Whether it’s being deployed abroad or serving to help during a national disaster, the men and women of our military sacrifice for our country every day. They chose to serve because they have a sense of duty to the country that they live in and love. When it comes to combat missions, some make the ultimate sacrifice so that others might live free.
One such soldier was Army PFC Manuel M. Quintana, who went missing-in-action during the Korean War. Thanks to DNA testing, and a family who never gave up searching for him, PFC Quintana has finally returned home.
PFC Quintana was 19 when his unit, Company K, 3rd Battalion, 29th Infantry Regiment, came under unexpected attack in July of 1950. After the battle ended, his fellow soldiers searched for but could not locate PFC Quintana and listed him as missing-in-action. The continued search was carried on by his niece, Isabella McGuff; a niece who never met her uncle.
In 1951, the Army had found two unidentified bodies in a shallow grave near the the Chinuju-Hadong Highway and had the bodies exhumed for identification, according to McGuff. PFC Quintana was unidentifiable and was listed as Unknown X-183. His remains moved to a few locations before reaching a final resting place at the National Memorial Cemetery of the Pacific in Hawaii. But that wasn’t the end of the story.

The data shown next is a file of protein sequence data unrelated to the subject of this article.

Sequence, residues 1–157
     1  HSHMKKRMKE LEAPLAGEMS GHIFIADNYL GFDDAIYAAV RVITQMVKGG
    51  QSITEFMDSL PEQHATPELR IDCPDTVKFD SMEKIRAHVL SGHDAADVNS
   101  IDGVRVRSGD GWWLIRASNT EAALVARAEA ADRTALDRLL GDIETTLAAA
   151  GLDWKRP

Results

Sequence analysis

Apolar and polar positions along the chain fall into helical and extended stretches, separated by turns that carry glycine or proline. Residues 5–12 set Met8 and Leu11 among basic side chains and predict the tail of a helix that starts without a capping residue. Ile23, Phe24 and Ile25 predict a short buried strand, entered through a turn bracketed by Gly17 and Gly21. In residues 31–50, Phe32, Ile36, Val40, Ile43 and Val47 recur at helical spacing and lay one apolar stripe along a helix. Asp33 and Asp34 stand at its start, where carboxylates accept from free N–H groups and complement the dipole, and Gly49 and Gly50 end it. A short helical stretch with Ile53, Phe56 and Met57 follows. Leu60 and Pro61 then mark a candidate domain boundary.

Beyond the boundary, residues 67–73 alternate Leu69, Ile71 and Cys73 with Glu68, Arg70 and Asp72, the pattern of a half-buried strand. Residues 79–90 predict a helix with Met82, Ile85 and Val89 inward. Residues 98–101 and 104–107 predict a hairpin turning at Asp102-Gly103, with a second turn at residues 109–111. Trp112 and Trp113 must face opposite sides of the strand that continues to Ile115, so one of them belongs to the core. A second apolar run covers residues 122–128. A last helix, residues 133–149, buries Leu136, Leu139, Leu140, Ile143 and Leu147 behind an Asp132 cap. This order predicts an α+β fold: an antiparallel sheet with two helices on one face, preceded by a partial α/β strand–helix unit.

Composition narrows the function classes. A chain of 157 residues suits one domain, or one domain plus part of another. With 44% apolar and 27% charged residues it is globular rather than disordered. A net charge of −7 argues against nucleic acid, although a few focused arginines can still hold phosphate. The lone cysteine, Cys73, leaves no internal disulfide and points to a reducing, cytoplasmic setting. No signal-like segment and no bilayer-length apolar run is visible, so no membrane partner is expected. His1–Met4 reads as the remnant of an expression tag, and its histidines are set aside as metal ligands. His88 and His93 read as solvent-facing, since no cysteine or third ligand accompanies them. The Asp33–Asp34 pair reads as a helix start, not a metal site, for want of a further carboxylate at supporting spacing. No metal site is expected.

In 2014, another person asked for the body of Unknown X-183 to be exhumed for DNA testing and after a year and a half wait, the remains were tested. About the same time, McGuff also asked for a DNA test of the body. After receiving a DNA sample from PFC Quintana’s sister Mary Moreno, McGuff’s grandmother, and her son David Moreno, the government confirmed that Unknown X-183 was in fact PFC Quintana.
On Wednesday McGuff, along with her mother and grandmother, stood on a tarmac to meet her great uncle. Today, PFC Quintana will be interred at the Southern Nevada Veterans Memorial Cemetery with full military honors and finally home and near his family.